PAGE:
Minnesota was a darkhorse pick in the Big Ten heading into the 2016 season – it missed Ohio State, Michigan and Michigan State and returned a senior quarterback from a bowl team. An 8-4 season is nothing to be disappointed in but some Gopher fans expected more.
Minnesota won all the battles they were expected to in 2016, but lost all the ones that mattered. Narrow defeats to Penn State, Iowa and Nebraska stole the magic from a season that would eventually turn into a nightmare.
AT A GLANCE: Cougars (8-4) vs Golden Gophers (8-4)
4:00 p.m. Pacific
Qualcomm Stadium (70,561)
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WSU by 10
Washington State won 41-9 in Minneapolis in 1988.
Washington State leads 3-2.
MATT MOORE's PREDICTION:
Cougs 38, Gophers 24
THE GOPHERS ON OFFENSE:
QB Mitch Leidner: Minnesota fans have a love-hate relationship with its starting quarterback. After starting nearly every game of his four year career, Leidner has led the Gophers to four straight bowl games and sits near the top of their record books. But there is an undeniable sense that the senior never really developed into the quarterback fans always thought he would. Leidner has great size and mobility, which allowed him to run for 442 yards and 10 touchdowns this season, but his passing stats have left much to be desired. In 2016, Leidner has thrown for 2,040 yards and just seven touchdowns against 12 costly interceptions.
RB Rodney Smith: He has managed 1,042 rushing yards and 15 touchdowns, which is impressive given that he plays in largely a committee backfield with Shannon Brooks. Both backs are legit pro prospects. Smith is elusive and physical, playing much larger than his 205-pound frame. He is also Minnesota's second leading receiver.
WR Drew Wolitarski: Half of Leidner's problems are a shortage of talented receivers. But he does have a favorite target in Wolitarski. The 6-3 senior has 61 grabs for 787 yards, along with five of Leidner's seven touchdown passes.
This is a ground and pound, ball control offense in the tradition of the Big Ten. The Gophers do not pass the ball particularly well, but they often don't need to. When the defense and running game is working, Minnesota feels right at home. When the Gophers decide go to the air though, they prefer to do so out of play action.
The primary focus has to be on Smith -- he is Minnesota's best offense weapon. The problem for the Cougs: a running quarterbacks, which is Leidner's strong suit. Overall, forcing Minnesota into passing downs is the name of the game, but that is easier said than done.
Leidner's 56 percent completion percentage: Leidner has a decent arm, but he isn't appreciably accurate. There is nothing wrong with an offense built around the run, but the quarterback has to be able punish teams that stack the box.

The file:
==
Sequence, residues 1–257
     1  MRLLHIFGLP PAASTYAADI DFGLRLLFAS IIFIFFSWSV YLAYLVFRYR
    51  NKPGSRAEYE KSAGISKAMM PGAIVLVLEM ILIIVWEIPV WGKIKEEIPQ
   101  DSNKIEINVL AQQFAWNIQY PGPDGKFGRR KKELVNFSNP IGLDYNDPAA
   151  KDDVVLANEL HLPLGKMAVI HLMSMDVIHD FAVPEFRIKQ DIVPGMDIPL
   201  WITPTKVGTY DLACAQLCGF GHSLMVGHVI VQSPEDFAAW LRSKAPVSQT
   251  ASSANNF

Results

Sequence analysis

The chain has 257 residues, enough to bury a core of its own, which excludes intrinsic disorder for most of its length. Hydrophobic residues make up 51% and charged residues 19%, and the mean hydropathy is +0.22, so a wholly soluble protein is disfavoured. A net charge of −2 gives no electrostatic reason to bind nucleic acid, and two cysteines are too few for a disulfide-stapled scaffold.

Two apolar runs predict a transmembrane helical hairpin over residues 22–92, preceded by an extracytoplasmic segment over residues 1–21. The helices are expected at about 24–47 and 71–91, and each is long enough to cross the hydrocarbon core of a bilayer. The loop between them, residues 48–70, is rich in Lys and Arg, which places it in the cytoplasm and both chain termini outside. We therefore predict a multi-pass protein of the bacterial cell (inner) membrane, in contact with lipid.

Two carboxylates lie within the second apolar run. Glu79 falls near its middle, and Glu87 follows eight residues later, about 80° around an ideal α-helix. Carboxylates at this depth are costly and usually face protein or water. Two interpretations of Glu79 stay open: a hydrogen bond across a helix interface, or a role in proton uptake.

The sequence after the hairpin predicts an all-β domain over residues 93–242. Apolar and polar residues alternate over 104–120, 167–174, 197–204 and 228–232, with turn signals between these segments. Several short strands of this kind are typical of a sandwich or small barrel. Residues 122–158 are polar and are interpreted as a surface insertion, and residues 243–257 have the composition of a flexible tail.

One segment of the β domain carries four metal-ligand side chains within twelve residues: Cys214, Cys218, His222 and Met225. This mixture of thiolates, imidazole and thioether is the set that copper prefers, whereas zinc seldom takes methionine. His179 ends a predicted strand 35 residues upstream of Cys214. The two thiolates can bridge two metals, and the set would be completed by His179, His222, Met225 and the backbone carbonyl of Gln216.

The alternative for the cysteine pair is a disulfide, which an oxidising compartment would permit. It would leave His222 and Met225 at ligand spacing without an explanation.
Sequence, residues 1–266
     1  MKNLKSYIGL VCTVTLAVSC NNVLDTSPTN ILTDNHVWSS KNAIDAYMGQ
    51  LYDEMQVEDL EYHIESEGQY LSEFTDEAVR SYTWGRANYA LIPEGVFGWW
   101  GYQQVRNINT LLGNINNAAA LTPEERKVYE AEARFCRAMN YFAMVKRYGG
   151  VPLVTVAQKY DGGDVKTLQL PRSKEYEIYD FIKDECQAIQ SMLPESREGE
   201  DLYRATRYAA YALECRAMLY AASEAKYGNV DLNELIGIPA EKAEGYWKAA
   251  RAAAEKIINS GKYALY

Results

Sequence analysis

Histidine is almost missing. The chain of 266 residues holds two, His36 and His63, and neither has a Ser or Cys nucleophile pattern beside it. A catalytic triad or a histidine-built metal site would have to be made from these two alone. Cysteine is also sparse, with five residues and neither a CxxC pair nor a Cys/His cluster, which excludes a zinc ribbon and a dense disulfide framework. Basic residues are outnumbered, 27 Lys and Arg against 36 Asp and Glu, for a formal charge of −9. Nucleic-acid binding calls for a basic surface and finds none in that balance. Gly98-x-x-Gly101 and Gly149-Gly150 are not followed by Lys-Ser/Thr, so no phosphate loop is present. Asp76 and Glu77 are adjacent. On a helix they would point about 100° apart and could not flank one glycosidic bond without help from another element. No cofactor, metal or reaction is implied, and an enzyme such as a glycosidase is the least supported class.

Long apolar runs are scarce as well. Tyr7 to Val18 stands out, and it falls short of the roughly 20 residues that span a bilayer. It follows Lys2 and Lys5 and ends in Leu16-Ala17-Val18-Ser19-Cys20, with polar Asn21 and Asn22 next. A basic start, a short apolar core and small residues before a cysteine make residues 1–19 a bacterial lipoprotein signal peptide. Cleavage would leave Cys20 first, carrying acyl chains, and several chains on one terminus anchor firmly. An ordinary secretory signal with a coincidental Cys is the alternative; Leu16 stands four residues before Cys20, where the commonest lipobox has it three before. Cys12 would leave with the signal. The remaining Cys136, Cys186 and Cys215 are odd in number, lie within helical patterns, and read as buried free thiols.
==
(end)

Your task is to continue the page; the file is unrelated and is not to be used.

THE GOPHERS ON DEFENSE:
Safety Damarius Travis: Along with cornerback Jalen Myrick, Travis makes for the two seniors who will try to hold the patchwork secondary together. Expect Myrick (No. 5) to be left on his own most of the day, with Travis helping out on the opposing side.
DT Steven Richardson: The Gophers have generated 34 sacks this season (No. 21 nationally) and it stems from the pressure Richardson brings up the middle. The junior leads the team with seven sacks and 11 TFL this season.
Minnesota runs a fairly traditional 4-3 defense. The issue has become a matter of personnel. Of the 10 Minnesota players suspended on December 13, the majority of them were on defense. The Gophers will face the Cougs without their starting free safety and three of their top four cornerbacks.
Spread and shred. Luke Falk should be able to punish the thin Gopher secondary if he has protection, but I expect the Cougar running backs to really have an effective game. Minnesota has no choice but to protect its secondary, which should leave the backs with a lot of space to work with.
No. 23 Total Defense: Minnesota may be down a few men, but this is still a top flight defense. The Gophers rank 20th against the run and 35th in pass efficiency.
THE GOPHERS ON SPECIAL TEAMS
Emmit Carpenter has converted 21 of 23 field goal attempts including every single kick over 40 yards.
- Minnesota head coach Tracy Claeys might be coaching for his job but many of the players could be playing for theirs too. The show of unity during the recent boycott was initially seen as impressive, but it quickly turned into something very different in the eyes of the alums, administration and the general public at large. There figures to be a good amount of attrition after the bowl game, and adjusting to a major house cleaning could be in store for those who stick around. Whether any of that plays a role in the bowl game for Minnesota is anyone's guess.
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